52. 52. VIRAL HEPATITIS <ul><li>A, B, C, D, E </li></ul><ul><li>They all look the same, ranging from a few extra portal triad lymphocytes, to “FULMINANT” hepatitis </li></ul><ul><li>Associated with full recovery (usual), chronic progression over years leading to cirrhosis (not rare), risk of hepatoma (uncommon), or death (uncommon) </li></ul>
    53. 53. VIRAL HEPATITIS <ul><li>Jaundice, urine dark, stool chalky </li></ul><ul><li>Viral “prodrome” </li></ul><ul><li>Upper respiratory infection </li></ul><ul><li>All have multiple antigen (virus) and antibody (serology) serum tests </li></ul><ul><li>“ Councilman” bodies on biopsy are very very nice to find. Why? </li></ul>
    54. 54.
    55. 55. Chiefly Portal Inflammation
    57. 57. “ FULMINANT” Acute Viral Hepatitis
    58. 58. “ Councilman” Bodies……Diagnostic? Probably!
    59. 59. B
    60. 60. C LESS common than B (one fourth) LESS dangerous than B in the acute phase MORE likely to go chronic than B MORE closely linked with hepatoma than B
    61. 61.
    62. 62. NON-Viral hepatitides <ul><li>Staph aureus (toxic shock) </li></ul><ul><li>Gram-Negatives (cholangitis) </li></ul><ul><li>Parasitic: </li></ul><ul><ul><li>Malaria </li></ul></ul><ul><ul><li>Schistosomes </li></ul></ul><ul><ul><li>Liver flukes (Fasciola hepatica) </li></ul></ul><ul><li>Ameba (abscesses) </li></ul><ul><li>AUTOIMMUNE </li></ul><ul><li>ALCOHOLIC HEPATITIS </li></ul>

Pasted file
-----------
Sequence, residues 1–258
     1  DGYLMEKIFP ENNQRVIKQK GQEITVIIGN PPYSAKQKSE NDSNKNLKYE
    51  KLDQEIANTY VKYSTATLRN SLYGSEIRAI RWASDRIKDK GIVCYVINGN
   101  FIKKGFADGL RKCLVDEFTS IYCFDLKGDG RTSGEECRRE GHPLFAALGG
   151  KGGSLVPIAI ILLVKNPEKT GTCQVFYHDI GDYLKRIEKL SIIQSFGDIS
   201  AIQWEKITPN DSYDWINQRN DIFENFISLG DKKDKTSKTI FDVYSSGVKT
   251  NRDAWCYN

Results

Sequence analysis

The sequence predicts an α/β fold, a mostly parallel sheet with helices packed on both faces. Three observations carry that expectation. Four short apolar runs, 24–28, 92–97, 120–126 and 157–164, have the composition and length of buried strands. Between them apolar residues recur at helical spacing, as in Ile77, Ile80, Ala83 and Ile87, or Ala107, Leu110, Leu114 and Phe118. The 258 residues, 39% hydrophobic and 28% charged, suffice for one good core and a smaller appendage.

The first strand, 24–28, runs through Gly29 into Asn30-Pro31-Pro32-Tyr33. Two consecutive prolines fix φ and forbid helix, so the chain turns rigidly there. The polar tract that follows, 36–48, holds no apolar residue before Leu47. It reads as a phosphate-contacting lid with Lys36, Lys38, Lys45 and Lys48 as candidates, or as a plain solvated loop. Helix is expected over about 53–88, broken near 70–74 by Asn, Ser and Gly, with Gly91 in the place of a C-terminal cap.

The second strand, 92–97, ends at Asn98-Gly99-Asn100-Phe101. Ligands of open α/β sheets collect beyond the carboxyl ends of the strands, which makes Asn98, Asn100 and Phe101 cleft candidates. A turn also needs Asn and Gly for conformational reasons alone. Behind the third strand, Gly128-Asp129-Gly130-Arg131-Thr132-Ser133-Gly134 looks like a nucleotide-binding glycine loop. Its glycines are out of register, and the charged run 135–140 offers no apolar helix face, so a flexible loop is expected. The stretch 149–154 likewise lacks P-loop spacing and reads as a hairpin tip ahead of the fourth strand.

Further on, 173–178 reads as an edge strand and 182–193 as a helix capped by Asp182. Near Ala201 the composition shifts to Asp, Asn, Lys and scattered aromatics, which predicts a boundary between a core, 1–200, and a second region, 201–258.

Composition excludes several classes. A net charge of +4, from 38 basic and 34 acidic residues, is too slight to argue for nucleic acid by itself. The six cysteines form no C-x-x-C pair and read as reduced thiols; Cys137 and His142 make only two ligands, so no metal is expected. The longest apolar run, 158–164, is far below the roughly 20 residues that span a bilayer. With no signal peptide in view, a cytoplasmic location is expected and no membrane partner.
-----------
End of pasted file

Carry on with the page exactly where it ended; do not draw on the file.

63. 63. DRUGS/TOXINS <ul><li>Steatosis (ETOH) </li></ul><ul><li>Centrolobular necrosis (TYLENOL) </li></ul><ul><li>Diffuse (massive) necrosis </li></ul><ul><li>Hepatitis </li></ul><ul><li>Fibrosis/Cirrhosis (ETOH) </li></ul><ul><li>Granulomas </li></ul><ul><li>Cholestasis (BCPs, steroids) </li></ul>
    64. 64. “ Metabolic” Liver Disease <ul><li>Steatosis (i.e., “fat”, fatty change, fatty “metamorphosis”) </li></ul><ul><li>Hemochromatosis (vs. hemosiderosis) </li></ul><ul><ul><li>Hereditary (Primary) </li></ul></ul><ul><ul><li>Iron Overload (Secondary), e.g., hemolysis, increased Fe intake, chronic liver disease </li></ul></ul><ul><li>Wilson Disease (Toxic copper levels) </li></ul><ul><li>Alpha-1-antitrypsin ( NATURAL protease inhibitor) </li></ul><ul><li>Neonatal Cholestasis </li></ul>